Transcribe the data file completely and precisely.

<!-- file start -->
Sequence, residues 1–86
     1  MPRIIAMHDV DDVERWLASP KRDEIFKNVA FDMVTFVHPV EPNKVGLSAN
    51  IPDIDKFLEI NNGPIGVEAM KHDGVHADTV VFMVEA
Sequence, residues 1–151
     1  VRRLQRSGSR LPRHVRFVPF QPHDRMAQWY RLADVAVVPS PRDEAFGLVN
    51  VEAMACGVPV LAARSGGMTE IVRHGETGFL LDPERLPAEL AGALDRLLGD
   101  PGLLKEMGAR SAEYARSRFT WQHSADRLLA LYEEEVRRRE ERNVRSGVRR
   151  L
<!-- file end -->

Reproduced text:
Sequence, residues 1–86
     1  MPRIIAMHDV DDVERWLASP KRDEIFKNVA FDMVTFVHPV EPNKVGLSAN
    51  IPDIDKFLEI NNGPIGVEAM KHDGVHADTV VFMVEA
Sequence, residues 1–151
     1  VRRLQRSGSR LPRHVRFVPF QPHDRMAQWY RLADVAVVPS PRDEAFGLVN
    51  VEAMACGVPV LAARSGGMTE IVRHGETGFL LDPERLPAEL AGALDRLLGD
   101  PGLLKEMGAR SAEYARSRFT WQHSADRLLA LYEEEVRRRE ERNVRSGVRR
   151  L